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Tracing impact of negative ads on presidential race

at 06:02 AM ET, 11/08/2012


(Carolyn Kaster/AP)

Negative ads often work. But clearly some negative ads work better than others.

 Going over the exit poll data, it is striking to see that the messages sent by the Obama campaign were effective, while the messages of the Romney campaign largely fell on deaf ears.

Let’s take a look at three examples.

 

The Bain attacks

 The Obama campaign — with an early assist by former House speaker Newt Gingrich — sought to define former governor Mitt Romney as a corporate raider with little regard for the concerns of middle-class Americans. Regular readers of this column will recall that we were frequently highly critical of these ads (for those who still care, here is a collection of columns), because the ads often stretched the facts and took complex business deals out of context.

But, cleverly, the ads took direct aim at what Romney perceived as his greatest asset for the presidency — his business experience. Thus, they were doubly effective, both in raising doubts about Romney’s character and in undermining his chief selling point. (Similarly, the “Swift Boat” ads of 2004 were aimed at undermining the war heroism of Sen. John Kerry, another patrician Massachusetts politician.)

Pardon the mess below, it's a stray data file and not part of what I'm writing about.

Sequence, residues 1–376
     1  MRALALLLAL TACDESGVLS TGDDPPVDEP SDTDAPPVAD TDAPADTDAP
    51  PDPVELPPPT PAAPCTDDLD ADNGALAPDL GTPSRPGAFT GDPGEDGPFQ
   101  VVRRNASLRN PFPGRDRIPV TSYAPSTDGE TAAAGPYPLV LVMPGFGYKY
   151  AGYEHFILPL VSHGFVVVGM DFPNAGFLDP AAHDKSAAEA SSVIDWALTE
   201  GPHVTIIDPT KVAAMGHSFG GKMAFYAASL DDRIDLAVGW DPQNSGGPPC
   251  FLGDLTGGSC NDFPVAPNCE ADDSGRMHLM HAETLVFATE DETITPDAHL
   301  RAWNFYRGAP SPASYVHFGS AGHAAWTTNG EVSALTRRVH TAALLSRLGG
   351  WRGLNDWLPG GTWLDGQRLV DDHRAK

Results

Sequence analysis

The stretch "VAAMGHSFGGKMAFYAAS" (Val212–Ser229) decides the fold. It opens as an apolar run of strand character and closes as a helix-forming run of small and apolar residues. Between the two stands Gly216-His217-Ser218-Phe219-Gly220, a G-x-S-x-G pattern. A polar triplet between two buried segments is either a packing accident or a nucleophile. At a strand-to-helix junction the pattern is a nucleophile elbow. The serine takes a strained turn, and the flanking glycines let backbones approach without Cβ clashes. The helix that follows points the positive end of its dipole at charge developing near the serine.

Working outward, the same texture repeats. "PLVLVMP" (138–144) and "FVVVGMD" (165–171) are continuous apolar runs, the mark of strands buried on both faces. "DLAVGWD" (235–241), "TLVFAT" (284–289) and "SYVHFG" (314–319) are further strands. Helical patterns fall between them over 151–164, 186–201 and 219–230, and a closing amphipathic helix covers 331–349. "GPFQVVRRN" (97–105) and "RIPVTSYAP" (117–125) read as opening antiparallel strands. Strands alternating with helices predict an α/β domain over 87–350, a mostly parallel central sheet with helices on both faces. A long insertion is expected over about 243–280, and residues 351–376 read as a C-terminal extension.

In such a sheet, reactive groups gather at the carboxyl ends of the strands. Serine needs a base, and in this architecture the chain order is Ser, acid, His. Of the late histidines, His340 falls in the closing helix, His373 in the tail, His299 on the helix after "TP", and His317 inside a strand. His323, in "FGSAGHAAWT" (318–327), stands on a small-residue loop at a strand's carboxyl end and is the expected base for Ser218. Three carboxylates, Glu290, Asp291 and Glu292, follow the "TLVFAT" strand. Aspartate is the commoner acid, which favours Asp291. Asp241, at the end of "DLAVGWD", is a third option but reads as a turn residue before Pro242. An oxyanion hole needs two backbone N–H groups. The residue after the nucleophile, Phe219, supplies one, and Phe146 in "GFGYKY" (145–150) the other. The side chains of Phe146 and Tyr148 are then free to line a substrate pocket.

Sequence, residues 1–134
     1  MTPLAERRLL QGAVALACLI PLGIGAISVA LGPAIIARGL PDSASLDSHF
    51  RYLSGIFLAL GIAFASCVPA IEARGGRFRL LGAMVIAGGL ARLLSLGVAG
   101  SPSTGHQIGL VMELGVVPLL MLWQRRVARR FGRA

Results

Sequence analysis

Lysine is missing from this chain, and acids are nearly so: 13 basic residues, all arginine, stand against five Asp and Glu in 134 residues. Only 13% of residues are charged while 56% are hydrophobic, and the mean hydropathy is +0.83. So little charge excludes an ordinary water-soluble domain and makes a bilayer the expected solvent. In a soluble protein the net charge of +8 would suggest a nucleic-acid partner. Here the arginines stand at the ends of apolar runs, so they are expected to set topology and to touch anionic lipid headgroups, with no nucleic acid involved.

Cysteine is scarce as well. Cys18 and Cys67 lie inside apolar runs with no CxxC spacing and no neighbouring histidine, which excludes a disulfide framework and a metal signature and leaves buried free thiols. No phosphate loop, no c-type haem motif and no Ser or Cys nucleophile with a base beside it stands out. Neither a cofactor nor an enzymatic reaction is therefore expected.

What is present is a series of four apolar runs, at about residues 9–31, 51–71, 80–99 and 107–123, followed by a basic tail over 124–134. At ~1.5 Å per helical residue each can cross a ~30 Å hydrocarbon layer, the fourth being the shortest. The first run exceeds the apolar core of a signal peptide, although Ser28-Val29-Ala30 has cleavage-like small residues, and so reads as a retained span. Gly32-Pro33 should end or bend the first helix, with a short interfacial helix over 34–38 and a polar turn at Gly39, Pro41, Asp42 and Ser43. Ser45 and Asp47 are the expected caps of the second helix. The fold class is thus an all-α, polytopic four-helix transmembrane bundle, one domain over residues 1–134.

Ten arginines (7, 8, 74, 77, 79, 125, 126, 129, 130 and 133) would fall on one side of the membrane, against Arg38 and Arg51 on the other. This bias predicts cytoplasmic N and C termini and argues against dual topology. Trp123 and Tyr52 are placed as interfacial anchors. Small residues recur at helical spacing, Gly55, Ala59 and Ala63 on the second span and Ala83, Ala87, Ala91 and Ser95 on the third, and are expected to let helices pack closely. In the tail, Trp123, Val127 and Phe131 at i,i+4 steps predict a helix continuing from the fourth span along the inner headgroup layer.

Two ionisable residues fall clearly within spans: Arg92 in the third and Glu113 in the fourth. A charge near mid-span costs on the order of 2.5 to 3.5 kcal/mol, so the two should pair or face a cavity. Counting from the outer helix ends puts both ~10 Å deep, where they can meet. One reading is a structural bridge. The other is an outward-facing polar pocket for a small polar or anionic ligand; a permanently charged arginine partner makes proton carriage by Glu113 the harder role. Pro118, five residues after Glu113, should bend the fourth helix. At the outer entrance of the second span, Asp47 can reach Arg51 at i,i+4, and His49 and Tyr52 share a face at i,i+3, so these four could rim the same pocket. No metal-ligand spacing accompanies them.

Moreover, even more hard-hitting Bain ads produced by a pro-Obama Super PAC, Priorities USA America, echoed the Obama campaign ads. One especially tough ad was called “Stage,” which returned to airwaves in the final weeks of the campaign. (It also earned almost 3 million views on YouTube.)

We could quibble with the details of this ad. For instance:

1.   The narrator, Mike Earnest, told us he was actually rehired three days after being laid off, though at a job that required 12-hour days. He was laid off again when the paper plant was shut down for good three months later, after a strike.

2.    Bain made $100 million on the entire Ampad investment, not just from shutting down this particular plant.

3.    There is a dispute over whether the stage was actually built with Bain’s knowledge. The transaction was an asset sale, so the employees were not included. One former Ampad executive told us the previous owner ordered the stage, though documents filed with the Securities and Exchange Commission show Ampad wanted to reduce employee costs. 

 Nevertheless, as an attack ad, the spot is extremely effective. A colleague at The Washington Post reports that a friend actually decided to support Obama after viewing this ad.

 The Obama campaign also benefited from luck. The disclosure of a secret video tape by Mother Jones magazine, in which Romney at a closed-door fundraiser appeared to write off 47 percent of voters, simply reinforced the image that had been carefully crafted by anti-Bain ads.

 In the national exit poll, more than one-fifth of voters said that the top quality they sought in a president was “cares about people like me.” Obama won their votes by a ratio of  4 to 1, thus overwhelming the votes of people looking for “a strong leader” or “vision for the future.”